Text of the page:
I am grateful for every spot of color that is left.
And I got to finally go see my sister, who had a baby and only lives four hours away and here he was, a month old before I saw him! It’s an odd feeling of going back in time to see Rachel with four little children and to realize that three of hers are younger than my baby. It brings back the days of endless wiping and sippy cups and the bleary-eyed wearying joy that is babies. We were blessed with bare-foot weather and the children spent the entire time outside, leaving us to sip coffee and cuddle little Zachary.
It was a good time. I look forward to the rest of fall. In an effort to be totally candid here, I have to confess that last week I finally took down a swag of (fake) forsythia that I had twined around a sign in my living room back in May. It says, “Home is where your story begins.” I decided to be daring and twine a bit of fall foliage around it. Hopefully I won’t forget to switch it out with holly. I figure some day my children will mention that their story definitely did not begin with a perfectly appointed house, but if they remember the times their mother dragged them outside of themselves and onto a trail to somewhere else, I will be glad.
How about you? How are you savoring the season? Double points if it doesn’t include pumpkin lattes.
7 thoughts on “Fallish”
I absolutely loved this Dorcas! The pictures are breathtaking, I can only imagine how it felt to look at them in person! I want so badly to go see Rach again! It sounds like a perfectly divine sister day!
I loved all the photos! Fall has been especially beautiful and warm this year and we are spending all the afternoons outdoors: playing in leaves, gathering autumnal treasures, soaking up sunshine and being grubby. My house is equally grubby and the laundry is never folded. 🙂 Most definitely no pumpkin lattes here.
Fall in Bradford co. PA is beautiful too! We had plans to go to VT but i got a bad cough and part of our intent was to do some visiting. Well, you don’t visit someone in rehab with a bad cough. Disappointing, but I realized there is beauty here. it seemed as you said no matter which hill we turned to it was lovely! We waited and went to VT later. The leaves were mostly gone, but my husband and I had a very relaxing time together, the other leaf peepers were gone and hotel prices were less!! We don’t take the scenic route very often and stop here and there along the way! ( love the house/barn combinations too) Lesson i learned was there is beauty even at home, when I could have focused on the disappointment. I also have been determined this fall to enjoy the season and not fret as to the cold that follows. Because God will be there too!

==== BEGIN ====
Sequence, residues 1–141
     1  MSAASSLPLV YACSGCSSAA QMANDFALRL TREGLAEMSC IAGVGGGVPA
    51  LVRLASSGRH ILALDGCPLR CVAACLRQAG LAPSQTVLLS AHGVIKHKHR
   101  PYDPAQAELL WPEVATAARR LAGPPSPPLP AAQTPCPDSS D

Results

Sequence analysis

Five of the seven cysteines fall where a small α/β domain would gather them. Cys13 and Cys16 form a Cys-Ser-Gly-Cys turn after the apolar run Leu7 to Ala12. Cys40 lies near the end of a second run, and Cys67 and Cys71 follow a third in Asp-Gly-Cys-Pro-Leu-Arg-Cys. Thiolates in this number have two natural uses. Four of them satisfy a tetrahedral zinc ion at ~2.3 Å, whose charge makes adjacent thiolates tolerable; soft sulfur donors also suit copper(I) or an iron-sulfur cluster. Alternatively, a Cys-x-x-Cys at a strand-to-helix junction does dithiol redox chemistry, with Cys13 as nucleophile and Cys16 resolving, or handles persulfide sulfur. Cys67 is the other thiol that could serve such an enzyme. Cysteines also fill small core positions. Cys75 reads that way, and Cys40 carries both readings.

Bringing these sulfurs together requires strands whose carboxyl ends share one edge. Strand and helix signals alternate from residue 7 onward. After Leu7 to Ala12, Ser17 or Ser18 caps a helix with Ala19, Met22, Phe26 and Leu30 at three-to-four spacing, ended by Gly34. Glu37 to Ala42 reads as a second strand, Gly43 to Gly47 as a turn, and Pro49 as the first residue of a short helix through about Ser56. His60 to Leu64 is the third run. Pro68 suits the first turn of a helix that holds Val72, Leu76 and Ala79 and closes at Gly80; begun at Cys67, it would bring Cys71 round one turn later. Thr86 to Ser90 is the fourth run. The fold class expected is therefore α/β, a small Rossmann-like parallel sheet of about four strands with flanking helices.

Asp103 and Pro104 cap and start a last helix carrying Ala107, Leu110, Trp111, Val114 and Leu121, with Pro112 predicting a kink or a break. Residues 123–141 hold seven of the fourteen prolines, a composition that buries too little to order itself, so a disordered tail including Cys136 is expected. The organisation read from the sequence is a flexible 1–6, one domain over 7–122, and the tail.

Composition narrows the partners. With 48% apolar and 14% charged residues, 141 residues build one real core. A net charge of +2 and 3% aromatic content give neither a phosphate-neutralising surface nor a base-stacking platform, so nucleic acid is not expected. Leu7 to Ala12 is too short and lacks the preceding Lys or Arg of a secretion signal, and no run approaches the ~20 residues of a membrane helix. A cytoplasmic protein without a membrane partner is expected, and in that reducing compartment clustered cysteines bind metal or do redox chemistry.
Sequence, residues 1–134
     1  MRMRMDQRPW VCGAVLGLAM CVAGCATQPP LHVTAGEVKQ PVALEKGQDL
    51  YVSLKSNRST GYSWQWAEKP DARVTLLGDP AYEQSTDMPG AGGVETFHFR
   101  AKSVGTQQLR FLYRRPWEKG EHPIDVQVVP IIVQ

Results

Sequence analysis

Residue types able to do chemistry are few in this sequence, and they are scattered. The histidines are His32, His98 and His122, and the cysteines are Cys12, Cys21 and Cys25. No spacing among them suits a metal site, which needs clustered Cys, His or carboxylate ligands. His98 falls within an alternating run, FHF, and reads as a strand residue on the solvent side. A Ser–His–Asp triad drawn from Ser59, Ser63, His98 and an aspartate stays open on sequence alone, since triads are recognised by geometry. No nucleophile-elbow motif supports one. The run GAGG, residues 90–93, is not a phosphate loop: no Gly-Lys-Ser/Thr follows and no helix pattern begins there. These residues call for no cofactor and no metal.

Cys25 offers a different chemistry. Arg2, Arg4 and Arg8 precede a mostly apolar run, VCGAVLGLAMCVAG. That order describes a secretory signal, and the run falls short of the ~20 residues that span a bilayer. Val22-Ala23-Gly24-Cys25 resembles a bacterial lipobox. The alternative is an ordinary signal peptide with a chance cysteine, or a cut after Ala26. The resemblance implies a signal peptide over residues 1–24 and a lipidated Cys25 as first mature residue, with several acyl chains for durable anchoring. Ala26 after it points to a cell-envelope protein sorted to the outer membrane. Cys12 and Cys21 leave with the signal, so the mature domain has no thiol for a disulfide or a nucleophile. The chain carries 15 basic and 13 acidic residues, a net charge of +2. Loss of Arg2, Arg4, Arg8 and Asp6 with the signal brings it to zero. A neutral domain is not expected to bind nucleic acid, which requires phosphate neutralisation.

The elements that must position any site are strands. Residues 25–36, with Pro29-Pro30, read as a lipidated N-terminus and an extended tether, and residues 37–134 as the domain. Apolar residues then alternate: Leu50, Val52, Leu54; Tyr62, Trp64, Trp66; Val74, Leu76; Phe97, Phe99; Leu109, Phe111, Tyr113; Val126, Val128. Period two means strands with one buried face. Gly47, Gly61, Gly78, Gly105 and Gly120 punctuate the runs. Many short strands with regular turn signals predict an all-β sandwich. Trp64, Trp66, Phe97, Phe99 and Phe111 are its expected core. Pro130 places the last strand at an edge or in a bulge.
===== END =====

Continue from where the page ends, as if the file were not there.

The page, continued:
I should have added, pumpkin lattes are WAY overrated! I like a good cup of coffee everyday, every season!!
This makes me all kinds of happy to know you and Gabe had such a nice time away, all by yourselves. I can only imagine how special that would be after 15 years of parenting littles. 🙂 It also makes me wish to go to charming New England during the autumn season.
We have enjoyed our beautiful fall weather and made an effort to be outside while we could. I’m glad already as the frigid temps and biting winds this week make me know that winter has blasted in.
I rarely go to Starbucks, and only with a giftcard in hand, but I do enjoy pumpkin lattes. Just sayin’. 🙂
I like one pumpkin latte every fall. Then I am good. I think it’s because one year I practiced and practiced, trying to get them just right and I overdid it. 🙂
Ha, and I think it was your efforts at that, as described on this blog, that really made me fall in love with pumpkin lattes. 🙂 I got busy making them too and experimenting with different recipes.